Ground quiet so far near proposed Weathersfield injection well

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By Ed Runyan


The ground near the proposed American Water Management Services Inc. brine-injection well along state Route 169 just north of Niles has been quiet since November.

If it remains that way over the next couple of months, the company will be ready to start commercial injection of the brine that comes from gas and oil drilling, including the newer horizontal wells that use hydraulic fracturing.

Mark Bruce, spokesman for the Ohio Department of Natural Resources, said Thursday that seismometers in the ground at the site have picked up “no seismic activity [ground movement] at all” since the monitoring began in November.

That monitoring has established what Bruce called a “baseline,” meaning a base against which later measurements can be compared.

American Water Management will carry out tests in the coming weeks that its president, Ron Klingle, believes will lead to ODNR approval to begin commercial brine injection in six to eight weeks.

Over that time, construction of a building and other above-ground facilities also will continue, Klingle said.

Bruce noted that the seismic monitoring the state has done in recent months in other parts of the state have picked up small earthquakes too mild to be felt by humans.

The equipment has detected seismic events occurring many miles away. In the case of the Weathersfield site, only “noise signals,” possibly from quarrying work, were picked up, Bruce said.

Klingle said he believes the noise signals detected were the result of trucks on cement pads at the site.

In the coming weeks, the Howland-based company and ODNR will monitor tests the company will carry out at the well, which was drilled last fall.

American Water Management will inject brine into the well to test the “integrity,” or soundness, of the well and to check for seismic activity in relation to water being pumped into the well under pressure, Bruce said.

The seismic monitoring done so far and the monitoring that will continue for 12 months after commercial injection begins are part of changes in Ohio law approved in the summer of 2012, in response to the 4.0-magnitude Dec. 31, 2011, earthquake near the Northstar 1 injection well in Youngstown. Many smaller earthquakes also occurred in the months before that.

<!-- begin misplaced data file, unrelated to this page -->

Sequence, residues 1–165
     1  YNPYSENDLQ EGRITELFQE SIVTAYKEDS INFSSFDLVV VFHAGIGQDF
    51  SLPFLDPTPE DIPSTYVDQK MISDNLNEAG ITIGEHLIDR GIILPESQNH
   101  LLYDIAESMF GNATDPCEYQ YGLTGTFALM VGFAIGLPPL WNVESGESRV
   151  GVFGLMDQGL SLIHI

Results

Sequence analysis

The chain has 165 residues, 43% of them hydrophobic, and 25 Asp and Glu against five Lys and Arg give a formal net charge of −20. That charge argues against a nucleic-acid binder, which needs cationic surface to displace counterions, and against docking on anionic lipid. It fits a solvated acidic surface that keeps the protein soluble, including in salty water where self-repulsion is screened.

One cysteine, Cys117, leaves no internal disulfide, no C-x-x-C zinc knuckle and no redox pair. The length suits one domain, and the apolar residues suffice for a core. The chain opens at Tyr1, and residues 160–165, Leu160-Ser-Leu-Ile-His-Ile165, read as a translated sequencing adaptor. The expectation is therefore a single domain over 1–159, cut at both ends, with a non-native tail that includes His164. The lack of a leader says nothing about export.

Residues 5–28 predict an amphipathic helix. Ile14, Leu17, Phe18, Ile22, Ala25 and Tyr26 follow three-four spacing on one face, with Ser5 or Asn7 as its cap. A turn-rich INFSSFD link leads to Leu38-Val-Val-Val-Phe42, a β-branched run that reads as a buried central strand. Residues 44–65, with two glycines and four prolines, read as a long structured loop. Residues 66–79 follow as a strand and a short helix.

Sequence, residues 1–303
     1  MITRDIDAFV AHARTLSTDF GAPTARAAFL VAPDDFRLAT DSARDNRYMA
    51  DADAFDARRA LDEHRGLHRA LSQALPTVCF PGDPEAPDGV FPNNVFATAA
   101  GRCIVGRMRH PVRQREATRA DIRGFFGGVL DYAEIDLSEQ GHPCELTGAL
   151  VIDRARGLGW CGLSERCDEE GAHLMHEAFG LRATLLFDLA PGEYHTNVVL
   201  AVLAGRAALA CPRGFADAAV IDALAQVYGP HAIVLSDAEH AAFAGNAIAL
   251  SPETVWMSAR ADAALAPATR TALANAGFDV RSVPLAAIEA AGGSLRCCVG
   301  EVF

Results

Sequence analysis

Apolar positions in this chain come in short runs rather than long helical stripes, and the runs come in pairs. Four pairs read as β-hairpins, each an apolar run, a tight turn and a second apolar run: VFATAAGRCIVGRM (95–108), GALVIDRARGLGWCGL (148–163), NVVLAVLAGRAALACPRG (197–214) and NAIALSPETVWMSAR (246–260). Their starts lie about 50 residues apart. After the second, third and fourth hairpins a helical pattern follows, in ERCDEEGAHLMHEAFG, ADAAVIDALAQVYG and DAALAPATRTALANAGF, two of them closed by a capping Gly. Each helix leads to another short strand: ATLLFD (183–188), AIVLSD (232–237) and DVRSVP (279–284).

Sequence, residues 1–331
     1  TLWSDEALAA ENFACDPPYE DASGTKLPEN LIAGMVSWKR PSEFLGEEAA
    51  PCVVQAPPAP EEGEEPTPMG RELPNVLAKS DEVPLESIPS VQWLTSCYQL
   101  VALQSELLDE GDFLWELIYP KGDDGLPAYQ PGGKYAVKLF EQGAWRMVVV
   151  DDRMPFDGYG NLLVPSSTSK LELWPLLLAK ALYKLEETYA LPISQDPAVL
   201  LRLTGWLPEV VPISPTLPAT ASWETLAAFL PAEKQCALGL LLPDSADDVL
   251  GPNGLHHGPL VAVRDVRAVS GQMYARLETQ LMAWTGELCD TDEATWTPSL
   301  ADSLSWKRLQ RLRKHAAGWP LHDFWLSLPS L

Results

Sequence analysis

Ohio law requires seismic monitoring for any injection well — such as the Weathersfield well — that propose to dispose of gas and oil drilling wastes in the Mount Simon and Knox geological formations.

The Weathersfield well, which is four-tenths of a mile northwest of the North Road-North Main Street intersection in Niles, will inject brine 9,100 feet deep.

Scientists believe the Youngstown earthquakes occurred because injection pressure caused slippage of existing geological faults in the Precambrian formation, which is just below the Mount Simon and Knox formations.

American Water Management also plans to inject oil and gas wastes into a second well at the same site that will be 4,700 feet deep, which will inject brine into the Newburg formation, which was not implicated in the earthquakes.

Klingle said both wells are expected to provide the company with a place where brine can be injected for many years to come because the geological formations involved are an “ideal place” to put the fluids.

The site has a lined earthen “impoundment” area designed to hold any brine that would escape from holding tanks. Bruce referred to the impoundment area at the Weathersfield site as a “dike,” saying it has to be large enough to hold 110 percent of the fluid in the tanks.

Klingle said critics of the oil and gas industry sometimes describe pondlike structures being used to hold brine, but that is not what the impoundment area at the Weathersfield well is.

“You’ll never see water in it,” Klingle said. “It’s only if the tank fails.”

A Jan. 8 news release by the group Frackfree Mahoning Valley mentions the Weathersfield injection well, saying the proposed well’s “close proximity to the epicenter of the 2011 Youngstown 4.0 magnitude quake shows inadequate concern by ODNR for public health and safety.”

It quoted geologist Suzie Beiersdorfer, a member of Frackfree Mahoning Valley, saying, “Our position is that the injection wells must stop now as a measure to protect the public’s health, safety and well-being.”

Klingle said there won’t be earthquakes or groundwater contamination associated with the Weathersfield injection well.

“We wouldn’t be putting the amount of money into this if there was any chance of that happening,” Klingle said. “It’s going to be 100 percent safe. We wouldn’t do it any other way.”

Klingle said the creation of injection wells in the Mahoning Valley is important to helping the gas and oil industry grow here.

“It has to go someplace,” he said of the waste fluids from gas and oil drilling. “This is the absolute best way to dispose of it. We have to be able to do this or the gas and oil companies ... are not going to drill. They’ll go someplace else where they can.”

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